Share Email Print

Proceedings Paper

Dynamic multiphoton imaging of reversible and irreversible thermal changes in collagen tissues
Author(s): Vladimir A. Hovhannisyan; Ping-Jung Su; Chen-Yuan Dong
Format Member Price Non-Member Price
PDF $17.00 $21.00

Paper Abstract

Collagen is the major component of skin, tendon, cartilage, cornea, and, as a main structural protein it is the key determinant of thermo-mechanical properties of collagen-rich tissues in mammals. Thermal damage of chicken dermis and tendon, bovine leg tendon, and other collagen contained tissues were investigated with the use of second harmonic generation (SHG) and two-photon excited auto-fluorescence microscopy and spectroscopy. Samples were heating in a temperature-controlled water bath in the temperature range 18-90° C. SHG time-lapse imaging and analysis of intensity decay showed that the collagen thermal destruction depended on both temperature and heating time, and can be modeled by the Arrhenius equation. Temporal decay of SHG signal from the chicken dermis was single exponential during isothermal treatment at temperatures above 60º C that allowed to determine activation energy and frequency factor of skin collagen denaturation. Furthermore, two-exponential decay and partially reversible change in SHG intensity were registered during the tendon thermal treatment. A simple laser system and procedure is proposed for a real-time monitoring of collagen fiber thermal modification within a microscopic volume of 1 nl.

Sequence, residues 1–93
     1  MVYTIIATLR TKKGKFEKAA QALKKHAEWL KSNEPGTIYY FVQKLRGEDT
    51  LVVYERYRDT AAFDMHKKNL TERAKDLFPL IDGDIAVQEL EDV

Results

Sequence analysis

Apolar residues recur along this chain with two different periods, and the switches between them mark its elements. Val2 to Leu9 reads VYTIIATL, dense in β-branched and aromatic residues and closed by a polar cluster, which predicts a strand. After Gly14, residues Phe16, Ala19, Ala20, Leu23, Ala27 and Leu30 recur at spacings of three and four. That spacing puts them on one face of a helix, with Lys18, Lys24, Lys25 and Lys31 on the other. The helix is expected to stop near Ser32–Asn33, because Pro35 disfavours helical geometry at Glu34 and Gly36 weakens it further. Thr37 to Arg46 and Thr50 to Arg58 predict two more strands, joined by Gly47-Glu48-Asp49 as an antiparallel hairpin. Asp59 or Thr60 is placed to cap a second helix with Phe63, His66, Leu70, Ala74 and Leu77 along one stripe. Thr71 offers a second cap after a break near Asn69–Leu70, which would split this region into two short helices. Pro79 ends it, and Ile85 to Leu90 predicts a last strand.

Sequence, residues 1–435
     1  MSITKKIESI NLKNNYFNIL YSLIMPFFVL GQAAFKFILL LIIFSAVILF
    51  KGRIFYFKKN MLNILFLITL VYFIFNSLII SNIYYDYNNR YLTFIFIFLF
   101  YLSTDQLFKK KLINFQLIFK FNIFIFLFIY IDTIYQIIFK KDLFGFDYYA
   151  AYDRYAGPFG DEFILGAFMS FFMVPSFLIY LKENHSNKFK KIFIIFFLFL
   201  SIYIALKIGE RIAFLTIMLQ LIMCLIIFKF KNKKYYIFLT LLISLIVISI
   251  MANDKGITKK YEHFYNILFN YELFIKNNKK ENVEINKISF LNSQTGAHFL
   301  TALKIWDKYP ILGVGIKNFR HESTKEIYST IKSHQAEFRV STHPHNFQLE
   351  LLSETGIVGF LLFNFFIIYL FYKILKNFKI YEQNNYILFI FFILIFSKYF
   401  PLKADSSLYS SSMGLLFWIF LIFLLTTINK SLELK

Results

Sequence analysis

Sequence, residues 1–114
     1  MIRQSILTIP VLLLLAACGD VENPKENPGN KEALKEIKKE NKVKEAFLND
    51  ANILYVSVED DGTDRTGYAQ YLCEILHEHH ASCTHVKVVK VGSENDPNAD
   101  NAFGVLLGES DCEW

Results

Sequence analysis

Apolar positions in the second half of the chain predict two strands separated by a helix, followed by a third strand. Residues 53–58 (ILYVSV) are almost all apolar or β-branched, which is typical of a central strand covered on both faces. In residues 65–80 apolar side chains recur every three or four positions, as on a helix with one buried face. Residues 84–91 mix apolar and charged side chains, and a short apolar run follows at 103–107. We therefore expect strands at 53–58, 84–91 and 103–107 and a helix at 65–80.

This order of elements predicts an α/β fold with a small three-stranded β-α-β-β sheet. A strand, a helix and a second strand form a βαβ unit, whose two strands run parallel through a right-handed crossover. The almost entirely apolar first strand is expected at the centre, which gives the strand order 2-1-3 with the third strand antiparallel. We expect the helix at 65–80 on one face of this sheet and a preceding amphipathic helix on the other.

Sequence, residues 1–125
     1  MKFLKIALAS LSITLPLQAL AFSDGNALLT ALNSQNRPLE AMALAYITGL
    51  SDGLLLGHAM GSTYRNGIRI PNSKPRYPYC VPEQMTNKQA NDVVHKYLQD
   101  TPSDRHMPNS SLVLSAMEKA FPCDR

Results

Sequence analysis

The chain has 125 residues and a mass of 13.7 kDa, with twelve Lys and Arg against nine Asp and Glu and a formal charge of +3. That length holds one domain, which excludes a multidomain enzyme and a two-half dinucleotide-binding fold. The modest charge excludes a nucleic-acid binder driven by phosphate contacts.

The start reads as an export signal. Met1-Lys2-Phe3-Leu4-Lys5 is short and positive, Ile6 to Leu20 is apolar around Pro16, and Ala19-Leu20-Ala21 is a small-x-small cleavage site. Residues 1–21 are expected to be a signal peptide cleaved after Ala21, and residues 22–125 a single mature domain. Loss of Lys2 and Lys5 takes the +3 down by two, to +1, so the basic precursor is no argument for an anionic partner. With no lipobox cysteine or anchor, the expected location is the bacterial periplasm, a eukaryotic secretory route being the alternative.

Paper Details

Date Published: 8 June 2011
PDF: 6 pages
Proc. SPIE 8087, Clinical and Biomedical Spectroscopy and Imaging II, 808710 (8 June 2011); doi: 10.1117/12.890023
Show Author Affiliations
Vladimir A. Hovhannisyan, National Taiwan Univ. (Taiwan)
Ping-Jung Su, National Taiwan Univ. (Taiwan)
Chen-Yuan Dong, National Taiwan Univ. (Taiwan)

Published in SPIE Proceedings Vol. 8087:
Clinical and Biomedical Spectroscopy and Imaging II
Nirmala Ramanujam; Jürgen Popp, Editor(s)

© SPIE. Terms of Use
Back to Top
Sign in to read the full article
Create a free SPIE account to get access to
premium articles and original research
Forgot your username?